QUICK update (a good solution): I found a Python implementation of KLIEP algorithm of that research paper (last point) to find those weights. It rather seems easy to use! Basically it resamples the training by putting weights (via the KLIEP algorithm) so that the assumption of having a similar distribution of train and test holds true as much as possible.

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    $\begingroup$ By subsampling training data based on the test data, would we be essentially leaking information from test data to the training data? (as pointed by @Arnaud in their answer) EDIT: Say we have subsampled training data, and the model performs well in the test data too. After implementation, real world data may come from another unseen distribution, there is no guarantee that it will follow test data, since test data itself doesn't follow training data. $\endgroup$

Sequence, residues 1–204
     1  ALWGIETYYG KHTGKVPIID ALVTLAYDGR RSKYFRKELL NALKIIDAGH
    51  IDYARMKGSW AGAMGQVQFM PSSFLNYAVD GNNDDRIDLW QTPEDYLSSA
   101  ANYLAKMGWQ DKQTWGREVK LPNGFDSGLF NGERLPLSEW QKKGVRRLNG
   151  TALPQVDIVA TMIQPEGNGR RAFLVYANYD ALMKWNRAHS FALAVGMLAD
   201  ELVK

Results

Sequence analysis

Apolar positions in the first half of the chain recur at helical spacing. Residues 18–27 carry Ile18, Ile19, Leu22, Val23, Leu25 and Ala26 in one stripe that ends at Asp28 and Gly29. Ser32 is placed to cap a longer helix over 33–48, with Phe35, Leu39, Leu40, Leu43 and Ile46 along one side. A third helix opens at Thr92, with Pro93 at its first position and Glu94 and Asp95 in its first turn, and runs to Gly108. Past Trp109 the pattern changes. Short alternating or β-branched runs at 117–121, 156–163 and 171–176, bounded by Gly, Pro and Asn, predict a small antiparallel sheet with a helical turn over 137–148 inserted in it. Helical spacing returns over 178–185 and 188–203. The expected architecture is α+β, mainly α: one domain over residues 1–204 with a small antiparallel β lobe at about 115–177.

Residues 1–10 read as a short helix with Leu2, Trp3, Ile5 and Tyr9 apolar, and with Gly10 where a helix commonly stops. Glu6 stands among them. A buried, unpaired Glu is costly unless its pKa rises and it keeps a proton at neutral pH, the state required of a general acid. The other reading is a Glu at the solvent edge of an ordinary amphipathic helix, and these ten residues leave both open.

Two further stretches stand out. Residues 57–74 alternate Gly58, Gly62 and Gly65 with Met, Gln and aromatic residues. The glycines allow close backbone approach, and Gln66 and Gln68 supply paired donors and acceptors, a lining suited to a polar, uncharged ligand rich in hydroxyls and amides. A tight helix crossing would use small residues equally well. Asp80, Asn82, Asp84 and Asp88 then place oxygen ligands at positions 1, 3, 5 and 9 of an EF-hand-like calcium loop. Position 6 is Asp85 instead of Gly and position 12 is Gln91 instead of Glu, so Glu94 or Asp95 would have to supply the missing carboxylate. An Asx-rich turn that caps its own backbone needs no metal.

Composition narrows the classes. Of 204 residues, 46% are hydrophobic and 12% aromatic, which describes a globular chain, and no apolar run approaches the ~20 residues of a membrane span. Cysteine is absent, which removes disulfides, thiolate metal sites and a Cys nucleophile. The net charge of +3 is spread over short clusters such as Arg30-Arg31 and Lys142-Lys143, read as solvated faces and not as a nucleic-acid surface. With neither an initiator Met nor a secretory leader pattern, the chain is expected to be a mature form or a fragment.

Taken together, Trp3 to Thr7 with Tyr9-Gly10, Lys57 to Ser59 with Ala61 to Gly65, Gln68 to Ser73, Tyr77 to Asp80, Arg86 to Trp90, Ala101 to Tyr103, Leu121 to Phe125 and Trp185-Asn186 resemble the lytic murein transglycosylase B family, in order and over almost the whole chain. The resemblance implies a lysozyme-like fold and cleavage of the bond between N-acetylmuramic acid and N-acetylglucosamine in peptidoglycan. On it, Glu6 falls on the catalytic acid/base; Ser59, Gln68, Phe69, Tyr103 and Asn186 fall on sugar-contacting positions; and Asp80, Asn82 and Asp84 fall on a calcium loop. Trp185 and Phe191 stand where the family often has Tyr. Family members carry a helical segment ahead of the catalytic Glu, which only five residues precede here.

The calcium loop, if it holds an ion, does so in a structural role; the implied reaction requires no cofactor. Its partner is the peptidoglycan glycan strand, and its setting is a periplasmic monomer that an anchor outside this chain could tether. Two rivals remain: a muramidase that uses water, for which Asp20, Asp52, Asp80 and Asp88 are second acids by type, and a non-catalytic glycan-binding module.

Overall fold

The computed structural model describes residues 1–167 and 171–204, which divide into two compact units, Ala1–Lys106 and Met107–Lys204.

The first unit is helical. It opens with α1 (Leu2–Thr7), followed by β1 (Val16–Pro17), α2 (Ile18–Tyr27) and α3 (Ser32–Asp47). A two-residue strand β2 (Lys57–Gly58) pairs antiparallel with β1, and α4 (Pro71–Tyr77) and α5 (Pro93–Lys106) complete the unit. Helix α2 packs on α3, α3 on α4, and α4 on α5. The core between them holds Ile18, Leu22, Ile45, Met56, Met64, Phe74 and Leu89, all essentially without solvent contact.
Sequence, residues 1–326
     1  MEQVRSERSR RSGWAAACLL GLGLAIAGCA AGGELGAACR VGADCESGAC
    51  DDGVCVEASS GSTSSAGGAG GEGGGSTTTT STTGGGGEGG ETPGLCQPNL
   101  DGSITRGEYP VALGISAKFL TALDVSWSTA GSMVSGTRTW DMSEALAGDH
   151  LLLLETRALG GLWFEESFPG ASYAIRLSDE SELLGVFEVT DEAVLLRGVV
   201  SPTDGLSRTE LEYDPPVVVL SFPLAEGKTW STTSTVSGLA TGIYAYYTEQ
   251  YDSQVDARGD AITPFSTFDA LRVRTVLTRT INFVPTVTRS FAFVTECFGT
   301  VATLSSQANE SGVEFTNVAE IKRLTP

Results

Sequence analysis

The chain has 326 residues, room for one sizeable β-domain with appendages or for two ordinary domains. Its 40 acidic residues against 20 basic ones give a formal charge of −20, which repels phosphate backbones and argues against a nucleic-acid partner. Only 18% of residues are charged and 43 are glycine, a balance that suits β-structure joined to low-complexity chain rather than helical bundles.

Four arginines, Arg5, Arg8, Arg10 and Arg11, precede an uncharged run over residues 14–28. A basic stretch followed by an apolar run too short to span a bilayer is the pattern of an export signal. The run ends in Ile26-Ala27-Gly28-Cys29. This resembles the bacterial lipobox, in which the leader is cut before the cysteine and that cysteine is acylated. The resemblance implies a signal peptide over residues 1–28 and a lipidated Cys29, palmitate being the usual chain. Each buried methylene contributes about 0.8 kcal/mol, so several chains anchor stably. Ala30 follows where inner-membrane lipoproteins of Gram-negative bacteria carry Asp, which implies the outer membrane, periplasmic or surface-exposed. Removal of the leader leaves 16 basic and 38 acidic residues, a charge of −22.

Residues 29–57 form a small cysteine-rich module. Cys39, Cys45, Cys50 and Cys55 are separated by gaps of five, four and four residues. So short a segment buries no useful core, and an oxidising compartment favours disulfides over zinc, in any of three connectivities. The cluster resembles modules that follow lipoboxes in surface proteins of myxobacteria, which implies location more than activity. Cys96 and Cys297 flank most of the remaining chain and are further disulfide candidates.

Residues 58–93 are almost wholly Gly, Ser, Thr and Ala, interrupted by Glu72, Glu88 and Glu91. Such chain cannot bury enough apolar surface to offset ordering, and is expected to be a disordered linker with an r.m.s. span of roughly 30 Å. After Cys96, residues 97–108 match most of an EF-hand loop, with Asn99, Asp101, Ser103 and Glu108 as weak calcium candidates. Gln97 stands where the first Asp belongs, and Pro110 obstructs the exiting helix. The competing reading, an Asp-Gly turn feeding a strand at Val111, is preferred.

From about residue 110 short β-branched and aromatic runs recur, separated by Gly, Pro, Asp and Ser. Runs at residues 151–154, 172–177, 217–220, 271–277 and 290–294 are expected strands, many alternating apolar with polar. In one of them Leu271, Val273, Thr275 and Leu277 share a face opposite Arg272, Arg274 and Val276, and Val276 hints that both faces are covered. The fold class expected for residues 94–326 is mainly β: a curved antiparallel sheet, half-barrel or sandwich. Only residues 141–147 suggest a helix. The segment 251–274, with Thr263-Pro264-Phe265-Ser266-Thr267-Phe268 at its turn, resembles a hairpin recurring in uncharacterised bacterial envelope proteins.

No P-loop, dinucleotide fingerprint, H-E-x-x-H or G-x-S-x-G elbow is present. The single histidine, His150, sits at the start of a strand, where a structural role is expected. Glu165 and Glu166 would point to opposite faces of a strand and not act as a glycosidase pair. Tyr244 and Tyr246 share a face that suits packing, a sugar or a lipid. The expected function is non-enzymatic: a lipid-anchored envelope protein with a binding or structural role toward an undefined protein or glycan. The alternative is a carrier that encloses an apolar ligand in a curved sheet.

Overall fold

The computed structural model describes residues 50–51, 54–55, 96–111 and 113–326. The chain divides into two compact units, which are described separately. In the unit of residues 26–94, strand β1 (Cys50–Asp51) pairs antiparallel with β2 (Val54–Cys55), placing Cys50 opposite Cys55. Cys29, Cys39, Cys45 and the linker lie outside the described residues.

– Gautam J
    Jun 29, 2021 at 8:47
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    $\begingroup$ Did you read the first blog-post about subsampling? What leaking? You are leaking data into test set, you are subsampling to make the dist. of train features closer to test. This is a let's say a method to automatically make a well-generalized model more specific and better performing on an unseen set of data that differ largely from train set. Also sure, there is no guarantee that holds true, that is why this has be automated and be checked every now and then depending on the nature of the data and business. $\endgroup$ Jun 30, 2021 at 6:47